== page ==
Opinion

The Great Debate

One rule for banks, another for autos

jimsaftcolumn6– James Saft is a Reuters columnist. The opinions expressed are his own –

There is one law, it appears, for failing U.S. automakers but sadly quite another for similarly failing banks.

The Obama administration has decided to play hardball with auto firms; rejecting recovery plans from General Motors and Chrysler LLC (GM.N) and warning they could be thrown into bankruptcy. Chrysler, which is controlled by Cerberus Capital Management CBS.UL, has 30 days to complete an alliance with Italy’s Fiat SpA (FIA.MI) or face losing its government funding. GM chief executive Rick Wagoner is out at government request, as will be most of his board of directors in coming months.

This is painful and risky but probably for the best; the auto industry has far too much capacity and both firms have blundered repeatedly, avoiding making hard decisions to improve their competitiveness and products. In short, this is what is supposed to happen in capitalism when you fail.

It is also a huge contrast to what is being done for U.S. banks, where management has generally remained entrenched and where Treasury Secretary Geithner and his predecessor have thrown cheap money and other subsidies at doubtful banks in ever more complicated forms. Most recently, going as far as cutting hedge funds and other investors into the deal under the public private partnership in order to create the illusion of a return to market forces.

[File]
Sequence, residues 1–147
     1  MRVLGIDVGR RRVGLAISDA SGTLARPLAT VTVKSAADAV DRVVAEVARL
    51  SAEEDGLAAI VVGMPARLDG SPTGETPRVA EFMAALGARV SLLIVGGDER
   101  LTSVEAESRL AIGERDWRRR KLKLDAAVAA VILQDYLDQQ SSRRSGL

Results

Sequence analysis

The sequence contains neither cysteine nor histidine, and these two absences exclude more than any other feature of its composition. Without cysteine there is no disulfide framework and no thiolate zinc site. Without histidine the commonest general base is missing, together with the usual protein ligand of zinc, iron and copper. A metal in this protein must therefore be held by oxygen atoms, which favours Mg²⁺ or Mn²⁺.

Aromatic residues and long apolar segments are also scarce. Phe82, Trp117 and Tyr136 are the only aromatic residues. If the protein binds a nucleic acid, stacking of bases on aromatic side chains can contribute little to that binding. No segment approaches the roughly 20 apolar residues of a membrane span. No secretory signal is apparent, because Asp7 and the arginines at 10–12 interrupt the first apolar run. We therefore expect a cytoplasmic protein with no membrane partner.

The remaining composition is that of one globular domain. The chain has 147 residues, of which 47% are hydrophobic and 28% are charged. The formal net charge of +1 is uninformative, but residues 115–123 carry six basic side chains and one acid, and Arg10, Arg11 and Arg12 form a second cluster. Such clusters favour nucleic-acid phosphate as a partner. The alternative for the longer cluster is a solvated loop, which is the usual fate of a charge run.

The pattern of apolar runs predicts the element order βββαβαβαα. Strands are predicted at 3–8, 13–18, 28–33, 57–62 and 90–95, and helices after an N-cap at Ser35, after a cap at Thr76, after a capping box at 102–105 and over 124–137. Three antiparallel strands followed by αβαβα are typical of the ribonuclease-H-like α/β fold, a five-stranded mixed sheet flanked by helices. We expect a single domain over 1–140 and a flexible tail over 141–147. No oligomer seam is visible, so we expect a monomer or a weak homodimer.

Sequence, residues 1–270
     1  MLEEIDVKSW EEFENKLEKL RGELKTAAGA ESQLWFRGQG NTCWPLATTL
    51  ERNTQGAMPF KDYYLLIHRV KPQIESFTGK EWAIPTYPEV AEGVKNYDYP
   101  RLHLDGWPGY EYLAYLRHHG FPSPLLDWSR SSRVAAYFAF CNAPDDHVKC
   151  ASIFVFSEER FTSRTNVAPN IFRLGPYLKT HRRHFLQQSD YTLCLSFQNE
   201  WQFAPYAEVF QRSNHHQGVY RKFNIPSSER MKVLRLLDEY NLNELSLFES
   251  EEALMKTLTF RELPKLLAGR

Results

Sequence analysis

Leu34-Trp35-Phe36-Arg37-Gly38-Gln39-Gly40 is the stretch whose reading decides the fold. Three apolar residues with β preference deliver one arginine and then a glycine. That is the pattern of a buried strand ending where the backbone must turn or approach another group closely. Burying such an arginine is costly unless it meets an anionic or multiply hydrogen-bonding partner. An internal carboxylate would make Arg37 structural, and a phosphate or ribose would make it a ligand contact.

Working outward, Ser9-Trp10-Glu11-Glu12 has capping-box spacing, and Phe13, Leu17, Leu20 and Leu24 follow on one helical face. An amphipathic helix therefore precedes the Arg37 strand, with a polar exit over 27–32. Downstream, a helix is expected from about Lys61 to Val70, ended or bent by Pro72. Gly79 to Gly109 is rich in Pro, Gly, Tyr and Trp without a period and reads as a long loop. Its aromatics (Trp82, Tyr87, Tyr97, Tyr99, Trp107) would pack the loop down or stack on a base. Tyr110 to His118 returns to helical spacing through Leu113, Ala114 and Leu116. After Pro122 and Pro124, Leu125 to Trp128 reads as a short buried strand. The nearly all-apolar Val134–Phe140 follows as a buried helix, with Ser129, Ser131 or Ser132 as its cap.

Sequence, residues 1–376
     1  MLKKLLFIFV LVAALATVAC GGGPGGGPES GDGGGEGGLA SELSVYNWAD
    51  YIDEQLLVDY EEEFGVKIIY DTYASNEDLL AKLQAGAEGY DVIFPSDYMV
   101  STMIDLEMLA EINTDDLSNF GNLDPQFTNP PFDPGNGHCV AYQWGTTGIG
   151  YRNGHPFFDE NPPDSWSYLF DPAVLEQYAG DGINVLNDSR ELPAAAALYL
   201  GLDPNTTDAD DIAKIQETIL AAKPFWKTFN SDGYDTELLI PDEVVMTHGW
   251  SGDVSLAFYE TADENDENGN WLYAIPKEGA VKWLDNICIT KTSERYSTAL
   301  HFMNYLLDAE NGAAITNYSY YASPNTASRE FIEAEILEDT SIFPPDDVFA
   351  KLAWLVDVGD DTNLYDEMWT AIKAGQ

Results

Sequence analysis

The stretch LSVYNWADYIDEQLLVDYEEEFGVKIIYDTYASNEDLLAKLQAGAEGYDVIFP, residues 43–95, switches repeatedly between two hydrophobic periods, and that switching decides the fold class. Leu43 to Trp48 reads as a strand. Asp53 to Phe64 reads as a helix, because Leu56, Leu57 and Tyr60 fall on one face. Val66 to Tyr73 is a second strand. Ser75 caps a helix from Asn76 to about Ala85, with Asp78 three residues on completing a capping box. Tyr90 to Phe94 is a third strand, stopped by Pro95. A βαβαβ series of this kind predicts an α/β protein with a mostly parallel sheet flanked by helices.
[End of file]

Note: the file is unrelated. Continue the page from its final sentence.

Betting on the unthinkable in the euro zone

James Saft Great Debate — James Saft is a Reuters columnist. The opinions expressed are his own –

Some crises bring partners closer together. Some, as investors in the euro zone are likely to discover this year, drive them further apart.

Look for rising tensions about fiscal and monetary policy among the bloc’s 16 member nations, and for a bigger penalty to be imposed on the euro and some euro zone assets against the possibility of a breakup or a secession from the currency group.

  •